Friday, February 25, 2011

Quick Review: Chapters 52 to 55 (Inner classes)

Below is a quick recap/review of the previous chapters that we had about inner classes. So, lets get started!!!

Inner Classes

* A “regular” inner class is declared inside the curly braces of another class, but outside any method or other code block.

* An inner class is a full-fledged member of the enclosing (outer) class, so it can be marked with an access modifier as well as the abstract or final modifiers. (Never both abstract and final together—remember that abstract must be subclassed, whereas final cannot be subclassed).

* An inner class instance shares a special relationship with an instance of the enclosing class. This relationship gives the inner class access to all of the outer class’s members, including those marked private.

* To instantiate an inner class, you must have a reference to an instance of the outer class.

* From code within the enclosing class, you can instantiate the inner class using only the name of the inner class, as follows:
MyInner mi = new MyInner();

* From code outside the enclosing class’s instance methods, you can instantiate the inner class only by using both the inner and outer class names, and a reference to the outer class as follows:
MyOuter mo = new MyOuter();
MyOuter.MyInner inner = MyInner();

* From code within the inner class, the keyword this holds a reference to the inner class instance. To reference the outer this (in other words, the instance of the outer class that this inner instance is tied to) precede the keyword this with the outer class name as follows: MyOuter.this;

Method-Local Inner Classes

* A method-local inner class is defined within a method of the enclosing class.

* For the inner class to be used, you must instantiate it, and that instantiation must happen within the same method, but after the class definition code.

* A method-local inner class cannot use variables declared within the method (including parameters) unless those variables are marked final.

* The only modifiers you can apply to a method-local inner class are abstract and final. (Never both at the same time, though.)

Anonymous Inner Classes

* Anonymous inner classes have no name, and their type must be either a subclass of the named type or an implementer of the named interface.

* An anonymous inner class is always created as part of a statement; don’t forget to close the statement after the class definition with a curly brace. This is a rare case in Java, a curly brace followed by a semicolon.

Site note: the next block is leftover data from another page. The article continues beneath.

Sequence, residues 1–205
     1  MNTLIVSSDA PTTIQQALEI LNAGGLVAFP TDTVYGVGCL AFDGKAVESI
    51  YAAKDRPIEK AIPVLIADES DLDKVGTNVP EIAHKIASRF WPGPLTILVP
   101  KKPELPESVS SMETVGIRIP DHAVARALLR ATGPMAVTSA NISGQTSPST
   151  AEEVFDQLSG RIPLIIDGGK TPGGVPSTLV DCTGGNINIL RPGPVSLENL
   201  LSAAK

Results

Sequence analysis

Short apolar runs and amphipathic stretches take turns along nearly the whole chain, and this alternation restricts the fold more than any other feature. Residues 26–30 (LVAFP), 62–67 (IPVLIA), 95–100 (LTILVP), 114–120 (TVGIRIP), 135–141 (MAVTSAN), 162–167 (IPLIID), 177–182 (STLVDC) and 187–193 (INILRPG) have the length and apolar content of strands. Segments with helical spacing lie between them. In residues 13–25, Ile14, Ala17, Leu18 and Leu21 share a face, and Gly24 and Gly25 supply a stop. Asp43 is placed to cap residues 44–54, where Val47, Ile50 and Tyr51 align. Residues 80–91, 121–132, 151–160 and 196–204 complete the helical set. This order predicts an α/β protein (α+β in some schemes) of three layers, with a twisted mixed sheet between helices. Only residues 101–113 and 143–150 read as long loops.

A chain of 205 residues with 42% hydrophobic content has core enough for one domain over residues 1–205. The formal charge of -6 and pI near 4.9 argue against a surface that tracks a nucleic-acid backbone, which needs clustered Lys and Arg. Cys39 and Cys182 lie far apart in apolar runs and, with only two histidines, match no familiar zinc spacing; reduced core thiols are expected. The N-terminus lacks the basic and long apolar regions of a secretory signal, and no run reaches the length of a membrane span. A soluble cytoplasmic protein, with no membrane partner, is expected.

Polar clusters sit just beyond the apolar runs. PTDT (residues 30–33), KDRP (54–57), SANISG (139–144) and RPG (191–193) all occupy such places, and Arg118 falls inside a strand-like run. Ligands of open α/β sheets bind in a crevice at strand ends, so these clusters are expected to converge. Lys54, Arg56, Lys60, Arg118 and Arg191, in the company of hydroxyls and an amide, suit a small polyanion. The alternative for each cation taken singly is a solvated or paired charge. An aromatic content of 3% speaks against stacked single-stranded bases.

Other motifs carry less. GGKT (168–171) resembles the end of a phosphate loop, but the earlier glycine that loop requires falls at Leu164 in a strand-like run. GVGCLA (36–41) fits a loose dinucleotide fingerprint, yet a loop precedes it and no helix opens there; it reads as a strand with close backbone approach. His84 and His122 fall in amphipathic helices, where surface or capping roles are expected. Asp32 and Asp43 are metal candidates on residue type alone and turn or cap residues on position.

* Because of polymorphism, the only methods you can call on an anonymous inner class reference are those defined in the reference variable class (or interface), even though the anonymous class is really a subclass or implementer of the reference variable type.

* An anonymous inner class can extend one subclass or implement one interface. Unlike non-anonymous classes (inner or otherwise), an anonymous inner class cannot do both. In other words, it cannot both extend a class and implement an interface, nor can it implement more than one interface.

* An argument-defined inner class is declared, defined, and automatically instantiated as part of a method invocation. The key to remember is that the class is being defined within a method argument, so the syntax will end the class definition with a curly brace, followed by a closing parenthesis to end the method call, followed by a semicolon to end the statement: });

Static Inner Classes

* Static Inner classes are inner classes marked with the static modifier.

* A static nested class is not an inner class, it’s a top-level nested class.

* Because the nested class is static, it does not share any special relationship with an instance of the outer class. In fact, you don’t need an instance of the outer class to instantiate a static nested class.

* Instantiating a static nested class requires using both the outer and nested class names as follows:
BigOuter.Nested n = new BigOuter.Nested();

* A static nested class cannot access non-static members of the outer class, since it does not have an implicit reference to any outer instance (in other words, the nested class instance does not get an outer this reference).

Previous Chapter: Chapter 55 - Static Inner Classes

Next Chapter: Self Test - Chapters 52 to 55

No comments:

Post a Comment

© 2013 by All rights reserved. No part of this blog or its contents may be reproduced or transmitted in any form or by any means, electronic, mechanical, photocopying, recording, or otherwise, without prior written permission of the Author.